On Tuesday, we unveiled our toys constructed from everyday items. I put together The Mystery Box, constructed from a Timex watch box, plastic water bottle, some string, packaging tape. The box I decorated with monster cards I found in the kitchen drawer and dropped a few M&Ms and Cheerios inside the box. Underneath the box I set a trapdoor and attached it to a piece of string
Users were supposed to pull the triangle and the treats inside the box would fall out. I spent sixty minutes playing around with the objects I collected and another fifteen minutes putting together the toy once I figured out how the pieces could fit together–what I call play as invention.
When I observed my classmates play with my toy, I was surprised and amused. Surprised, because my conceptual model was not a clear as I had thought it was; amused, because my classmates found new ways to play with my toy. The user experience turned out to be a space for invention and discovery thanks to the conceptual models poor design and the invisibility of the trapdoor. I’m intrigued by the accidents that can come from poor design, the possibilities for new uses for otherwise badly created things. The players used my toy in ways I hadn’t thought of. Watching their feedback could lead to new, exciting ideas.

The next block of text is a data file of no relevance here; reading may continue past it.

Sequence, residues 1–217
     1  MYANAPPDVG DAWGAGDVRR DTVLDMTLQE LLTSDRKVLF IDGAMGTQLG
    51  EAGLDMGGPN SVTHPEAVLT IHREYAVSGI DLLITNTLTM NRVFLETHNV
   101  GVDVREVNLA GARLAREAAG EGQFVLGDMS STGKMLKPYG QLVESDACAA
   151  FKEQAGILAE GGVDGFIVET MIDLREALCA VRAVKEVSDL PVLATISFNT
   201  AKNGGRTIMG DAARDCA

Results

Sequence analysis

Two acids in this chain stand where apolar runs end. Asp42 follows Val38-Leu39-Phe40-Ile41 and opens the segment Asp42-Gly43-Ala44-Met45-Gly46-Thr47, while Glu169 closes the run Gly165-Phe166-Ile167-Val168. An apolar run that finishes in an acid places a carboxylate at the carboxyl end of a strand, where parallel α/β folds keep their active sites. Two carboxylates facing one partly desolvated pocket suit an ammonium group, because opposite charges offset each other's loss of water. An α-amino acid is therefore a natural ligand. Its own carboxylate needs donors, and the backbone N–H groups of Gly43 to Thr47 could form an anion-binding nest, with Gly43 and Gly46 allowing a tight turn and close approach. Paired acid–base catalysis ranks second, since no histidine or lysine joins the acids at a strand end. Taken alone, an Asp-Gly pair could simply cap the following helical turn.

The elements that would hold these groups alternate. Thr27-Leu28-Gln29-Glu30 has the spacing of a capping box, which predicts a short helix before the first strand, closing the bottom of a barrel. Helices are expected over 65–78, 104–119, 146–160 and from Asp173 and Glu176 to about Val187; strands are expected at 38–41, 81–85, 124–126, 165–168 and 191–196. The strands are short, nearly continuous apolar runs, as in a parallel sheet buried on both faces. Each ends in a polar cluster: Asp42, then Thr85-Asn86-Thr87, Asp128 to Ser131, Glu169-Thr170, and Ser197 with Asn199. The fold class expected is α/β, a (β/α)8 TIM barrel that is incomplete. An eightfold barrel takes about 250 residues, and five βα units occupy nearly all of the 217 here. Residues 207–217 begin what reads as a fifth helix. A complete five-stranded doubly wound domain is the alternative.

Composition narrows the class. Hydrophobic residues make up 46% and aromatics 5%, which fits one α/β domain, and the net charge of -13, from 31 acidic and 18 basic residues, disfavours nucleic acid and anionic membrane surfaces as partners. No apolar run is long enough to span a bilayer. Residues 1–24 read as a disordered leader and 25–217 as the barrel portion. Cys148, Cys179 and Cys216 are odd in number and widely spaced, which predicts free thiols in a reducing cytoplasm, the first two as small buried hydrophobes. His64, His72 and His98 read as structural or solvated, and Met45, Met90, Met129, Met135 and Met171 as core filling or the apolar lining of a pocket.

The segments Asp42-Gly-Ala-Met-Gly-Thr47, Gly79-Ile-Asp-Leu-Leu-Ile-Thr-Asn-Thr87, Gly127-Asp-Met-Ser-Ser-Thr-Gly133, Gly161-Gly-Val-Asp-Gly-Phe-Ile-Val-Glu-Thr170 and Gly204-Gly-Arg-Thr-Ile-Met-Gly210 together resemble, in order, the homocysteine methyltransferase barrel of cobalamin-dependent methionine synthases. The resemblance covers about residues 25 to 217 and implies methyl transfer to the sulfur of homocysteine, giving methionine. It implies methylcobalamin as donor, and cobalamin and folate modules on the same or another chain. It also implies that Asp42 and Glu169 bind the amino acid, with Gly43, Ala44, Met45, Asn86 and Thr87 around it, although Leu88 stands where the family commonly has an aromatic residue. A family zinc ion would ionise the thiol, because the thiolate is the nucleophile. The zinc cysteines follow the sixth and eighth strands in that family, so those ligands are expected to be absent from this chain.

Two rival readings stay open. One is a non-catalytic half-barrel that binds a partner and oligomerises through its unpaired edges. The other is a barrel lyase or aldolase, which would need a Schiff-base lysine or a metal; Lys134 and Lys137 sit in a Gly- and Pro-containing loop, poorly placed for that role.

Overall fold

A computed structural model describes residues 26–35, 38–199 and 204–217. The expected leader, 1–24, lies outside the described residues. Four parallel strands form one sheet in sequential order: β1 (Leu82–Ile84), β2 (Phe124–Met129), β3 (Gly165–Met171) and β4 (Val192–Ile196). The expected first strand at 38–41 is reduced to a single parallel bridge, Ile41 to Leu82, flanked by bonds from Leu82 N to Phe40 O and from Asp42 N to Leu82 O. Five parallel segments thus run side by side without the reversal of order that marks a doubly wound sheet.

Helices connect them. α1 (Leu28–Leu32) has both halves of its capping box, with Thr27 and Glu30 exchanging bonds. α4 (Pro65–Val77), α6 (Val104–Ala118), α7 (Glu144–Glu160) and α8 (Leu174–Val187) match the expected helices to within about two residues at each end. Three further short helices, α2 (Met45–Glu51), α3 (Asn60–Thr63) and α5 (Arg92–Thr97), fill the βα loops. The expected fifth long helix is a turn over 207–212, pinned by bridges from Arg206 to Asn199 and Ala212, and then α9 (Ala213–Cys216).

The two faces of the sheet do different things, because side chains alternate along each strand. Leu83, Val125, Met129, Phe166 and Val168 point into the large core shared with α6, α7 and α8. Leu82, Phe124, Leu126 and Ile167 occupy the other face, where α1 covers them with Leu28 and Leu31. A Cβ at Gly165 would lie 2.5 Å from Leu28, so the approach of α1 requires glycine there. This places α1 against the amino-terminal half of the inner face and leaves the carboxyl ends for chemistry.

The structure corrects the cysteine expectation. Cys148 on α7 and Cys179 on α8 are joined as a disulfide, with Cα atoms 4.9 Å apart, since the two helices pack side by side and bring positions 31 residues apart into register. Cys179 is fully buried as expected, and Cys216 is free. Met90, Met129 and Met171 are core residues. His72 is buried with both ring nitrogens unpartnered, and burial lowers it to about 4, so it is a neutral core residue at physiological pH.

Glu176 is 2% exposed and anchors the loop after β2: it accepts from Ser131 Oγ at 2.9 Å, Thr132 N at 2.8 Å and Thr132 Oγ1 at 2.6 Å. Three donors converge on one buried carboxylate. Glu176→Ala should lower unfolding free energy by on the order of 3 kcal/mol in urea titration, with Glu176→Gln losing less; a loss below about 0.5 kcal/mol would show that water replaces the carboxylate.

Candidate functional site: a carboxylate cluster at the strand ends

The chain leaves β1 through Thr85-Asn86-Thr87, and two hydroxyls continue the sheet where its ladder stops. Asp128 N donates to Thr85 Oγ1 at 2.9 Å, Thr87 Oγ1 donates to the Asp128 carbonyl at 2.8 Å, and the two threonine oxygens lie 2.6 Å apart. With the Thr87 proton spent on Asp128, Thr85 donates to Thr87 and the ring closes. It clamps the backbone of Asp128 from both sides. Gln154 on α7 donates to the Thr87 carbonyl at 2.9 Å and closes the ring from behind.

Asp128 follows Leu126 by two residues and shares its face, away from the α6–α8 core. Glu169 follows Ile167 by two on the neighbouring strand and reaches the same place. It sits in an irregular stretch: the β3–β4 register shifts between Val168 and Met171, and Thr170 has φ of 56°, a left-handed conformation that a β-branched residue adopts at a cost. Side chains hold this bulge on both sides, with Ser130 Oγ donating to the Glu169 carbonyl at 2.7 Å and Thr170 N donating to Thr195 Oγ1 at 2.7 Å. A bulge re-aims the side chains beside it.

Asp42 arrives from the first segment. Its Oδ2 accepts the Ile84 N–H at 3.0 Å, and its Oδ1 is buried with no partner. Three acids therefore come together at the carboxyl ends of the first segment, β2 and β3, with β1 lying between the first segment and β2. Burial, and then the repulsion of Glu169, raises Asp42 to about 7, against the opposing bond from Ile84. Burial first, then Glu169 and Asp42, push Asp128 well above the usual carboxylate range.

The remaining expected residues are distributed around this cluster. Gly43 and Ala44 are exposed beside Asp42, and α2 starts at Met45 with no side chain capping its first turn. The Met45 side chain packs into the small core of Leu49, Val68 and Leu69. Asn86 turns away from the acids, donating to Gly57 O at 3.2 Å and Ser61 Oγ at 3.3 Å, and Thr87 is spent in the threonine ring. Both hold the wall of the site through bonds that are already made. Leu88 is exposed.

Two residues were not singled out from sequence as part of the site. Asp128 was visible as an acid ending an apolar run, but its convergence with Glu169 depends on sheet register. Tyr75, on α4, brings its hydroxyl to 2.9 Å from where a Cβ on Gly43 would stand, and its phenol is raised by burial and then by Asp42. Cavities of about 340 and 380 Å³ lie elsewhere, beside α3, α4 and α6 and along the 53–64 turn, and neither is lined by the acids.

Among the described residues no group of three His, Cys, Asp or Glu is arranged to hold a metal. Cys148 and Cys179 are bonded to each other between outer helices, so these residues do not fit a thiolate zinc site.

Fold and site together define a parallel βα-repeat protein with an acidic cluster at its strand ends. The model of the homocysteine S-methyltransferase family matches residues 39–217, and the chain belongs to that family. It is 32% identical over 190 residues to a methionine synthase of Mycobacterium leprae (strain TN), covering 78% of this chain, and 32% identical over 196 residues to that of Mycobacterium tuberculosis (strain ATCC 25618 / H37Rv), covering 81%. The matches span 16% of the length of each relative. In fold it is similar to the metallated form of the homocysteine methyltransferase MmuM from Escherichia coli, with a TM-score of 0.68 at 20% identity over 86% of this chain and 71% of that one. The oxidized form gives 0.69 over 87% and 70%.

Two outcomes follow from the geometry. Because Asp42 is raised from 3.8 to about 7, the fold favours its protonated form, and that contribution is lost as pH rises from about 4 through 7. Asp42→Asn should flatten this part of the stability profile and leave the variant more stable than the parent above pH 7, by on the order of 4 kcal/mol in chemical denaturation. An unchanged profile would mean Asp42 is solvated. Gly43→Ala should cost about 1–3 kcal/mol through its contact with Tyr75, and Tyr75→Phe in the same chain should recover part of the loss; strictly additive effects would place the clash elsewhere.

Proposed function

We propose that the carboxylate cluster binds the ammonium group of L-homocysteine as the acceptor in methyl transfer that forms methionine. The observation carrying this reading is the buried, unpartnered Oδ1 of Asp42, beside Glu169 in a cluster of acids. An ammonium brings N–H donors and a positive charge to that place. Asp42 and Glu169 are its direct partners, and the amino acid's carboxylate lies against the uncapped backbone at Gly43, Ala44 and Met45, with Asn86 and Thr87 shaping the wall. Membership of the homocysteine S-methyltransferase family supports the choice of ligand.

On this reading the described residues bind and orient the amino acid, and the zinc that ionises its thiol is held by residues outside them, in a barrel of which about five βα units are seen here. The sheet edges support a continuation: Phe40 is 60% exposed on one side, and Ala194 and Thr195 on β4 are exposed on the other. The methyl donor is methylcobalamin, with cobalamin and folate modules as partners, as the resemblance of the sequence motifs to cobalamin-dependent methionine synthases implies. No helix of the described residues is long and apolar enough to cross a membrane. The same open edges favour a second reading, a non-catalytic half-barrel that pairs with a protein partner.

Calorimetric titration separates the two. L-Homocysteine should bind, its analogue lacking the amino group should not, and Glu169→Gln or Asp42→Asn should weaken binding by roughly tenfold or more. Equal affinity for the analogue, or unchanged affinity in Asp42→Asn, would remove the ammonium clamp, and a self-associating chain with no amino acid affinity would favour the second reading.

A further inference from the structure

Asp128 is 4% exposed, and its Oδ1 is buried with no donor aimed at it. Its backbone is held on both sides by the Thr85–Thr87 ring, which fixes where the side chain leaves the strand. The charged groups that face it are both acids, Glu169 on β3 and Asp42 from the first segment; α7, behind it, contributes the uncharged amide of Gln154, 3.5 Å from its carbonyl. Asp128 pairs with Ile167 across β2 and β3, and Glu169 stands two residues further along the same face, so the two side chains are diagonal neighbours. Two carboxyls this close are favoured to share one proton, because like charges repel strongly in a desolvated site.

In preparation for building the toy, the class read an excerpt from Donald Norman’s The Psychology of Everyday Things. His book argues against engineers and their tendency to design awful objects–doors, phones, refrigerators. These simple everyday items shouldn’t have complex and confusing designs. I wonder what Norman would say about my toy–I imagine he’d ask that the trapdoor be more visible to my user. Instead of using a little tab in the corner of the bottom of the box, I should make the entire bottom the trapdoor. Maybe even replace the bottom with something else, like a small metal sheet of some kind.
This project, of course, reminds me of Jody Shipka’s Toward a Composition Made Whole where she argues that multimodality is both digital and analog. To focus only on the digital leaves our composition pedagogy half-baked and a disservice to our students. I wouldn’t mind doing an activity like this with my students one day, especially freshman who come from a writing experience that seems narrow. Opening them to the possibilities of communication in academia may be rewarding to them.